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Past events

Ukraine report 200x200

What Unites Ukrainians? 

Ukraine has long been portrayed as a divided country, split along linguistic, ethnic and historical lines. However, following the Euromaidan revolution, several studies have shown the strength of civic identity in Ukraine, and that the regional variability of social attitudes is far more nuanced than the supposed east-west dichotomy. 

A groundbreaking new study by the Arena Initiative based at the LSE Institute of Global Affairs and Johns Hopkins University has investigated what lies beneath propaganda-driven divides in Ukraine. This webinar features a discussion with leading experts in sociology and media production, debunking the myth of divided Ukraine and exploring the latest social research on what unites and motivates Ukrainians.

Watch the event here

LSE Fest 1

Propaganda and Democratic Resistance

Peter Pomerantsev will be in dialogue with Dr Shakuntala Banaji and Darren Moon to discuss propaganda and the internet, in the context of social media’s manipulation of voters in political influence campaigns. Chaired by Professor William A. Callahan.

This event forms part of the “Shape the World” series, held in the run up to the LSE Festival, a week-long series of events taking place from 2 to 7 March 2020, free to attend and open to all, exploring how social sciences can make the world a better place.



This is Not Propaganda

Peter Pomerantsev will be in dialogue with Sophia Gaston to discuss his latest book This is Not Propaganda – Adventures in the War Against Reality.

This event forms part of the “Shape the World” series, held in the run up to the LSE Festival, a week-long series of events taking place from 2 to 7 March 2020, free to attend and open to all, exploring how social sciences can make the world a better place. The full  programme will be available online from January 2020.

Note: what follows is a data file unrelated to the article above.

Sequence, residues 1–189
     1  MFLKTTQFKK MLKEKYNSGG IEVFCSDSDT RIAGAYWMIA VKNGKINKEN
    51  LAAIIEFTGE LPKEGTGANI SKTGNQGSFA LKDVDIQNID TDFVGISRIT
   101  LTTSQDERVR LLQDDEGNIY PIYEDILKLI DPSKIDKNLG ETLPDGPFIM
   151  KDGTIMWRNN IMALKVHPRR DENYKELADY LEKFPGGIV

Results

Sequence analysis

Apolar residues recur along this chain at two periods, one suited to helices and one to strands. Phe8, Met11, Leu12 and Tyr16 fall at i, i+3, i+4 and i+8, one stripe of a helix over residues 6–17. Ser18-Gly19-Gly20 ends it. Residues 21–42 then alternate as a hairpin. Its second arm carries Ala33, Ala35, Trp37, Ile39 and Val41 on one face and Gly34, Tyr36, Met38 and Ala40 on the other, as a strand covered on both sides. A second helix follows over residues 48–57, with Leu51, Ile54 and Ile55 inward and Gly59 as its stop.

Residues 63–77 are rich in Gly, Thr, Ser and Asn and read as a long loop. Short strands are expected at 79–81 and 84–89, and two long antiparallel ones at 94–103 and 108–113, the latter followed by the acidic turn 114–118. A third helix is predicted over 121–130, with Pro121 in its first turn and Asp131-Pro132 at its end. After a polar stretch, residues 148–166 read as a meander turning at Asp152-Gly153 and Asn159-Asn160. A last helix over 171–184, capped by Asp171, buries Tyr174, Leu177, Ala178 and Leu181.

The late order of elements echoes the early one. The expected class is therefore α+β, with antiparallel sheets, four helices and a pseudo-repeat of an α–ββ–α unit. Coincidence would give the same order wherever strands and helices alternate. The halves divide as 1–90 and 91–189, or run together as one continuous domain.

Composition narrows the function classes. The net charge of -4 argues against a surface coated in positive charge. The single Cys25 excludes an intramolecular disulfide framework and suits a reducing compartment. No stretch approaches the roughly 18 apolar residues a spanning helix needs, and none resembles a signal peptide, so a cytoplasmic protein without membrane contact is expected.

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'Journalism in an age of populism and polarisation: lessons from the migration debate in Italy’

24th June 2019, 2:00pm | 9.04 Pethick-Lawrence House, LSE

Following the launch of the report of the same name, Arena held a workshop in partnership with Italian Newspaper Corriere della Sera and the University of Venice. Different approaches to writing about migration in Italy were discussed, begging the following question: How can one cover such issues in a way that promotes civil engagement, enhances trust and a fact-based discourse?

Guests included senior editors and journalists from the BBC, Observer, Financial Times and others.


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Hard Truths: democracy and disinformation

How disinformation is undermining democracy and what to do about it.

The panel was comprised of:

  • Oliver Bullough, journalist and author specialising in financial crime and the former Soviet Union. His latest book is Moneyland, why crooks and thieves now rule the world and how to take it back.
  • Max Fisher, writes The Interpreter, a news column and newsletter that explore the ideas and context behind major world events. Based in London, he uses political science and social science to examine and explain topics from authoritarianism to arms control. He has reported from a range of countries in Asia, the Middle East, Europe and Latin America.
  • Peter Pomerantsev, LSE IGA Senior Fellow and co-director of Arena. He is an author and TV producer. He specialises on propaganda and media development, and has testified on the challenges of information war to the US House Foreign Affairs Committee, US Senate Foreign Relations Committee and the UK Parliament Defense Select Committee.
  • Anne Applebaum (Chair), LSE IGA Professor in Practice and co-director of Arena. Anne is a journalist and prize-winning historian with a particular expertise in the history of communism and the experience of post-communist “democratization” in the Soviet Union and central Europe. She runs 'Arena', a program on disinformation and 21st century propaganda, and is building the Transformation Lab, a program focused on the political and economic transformation of individual countries.
  • Damian Tambini, Associate Professor in the Department of Media and Communications at LSE, where he also serves as Research Director and Programme Director for the MSc Media and Communications (Governance). Dr Tambini is an expert in media and communications regulation and policy, and active in policymaking as well as academic research.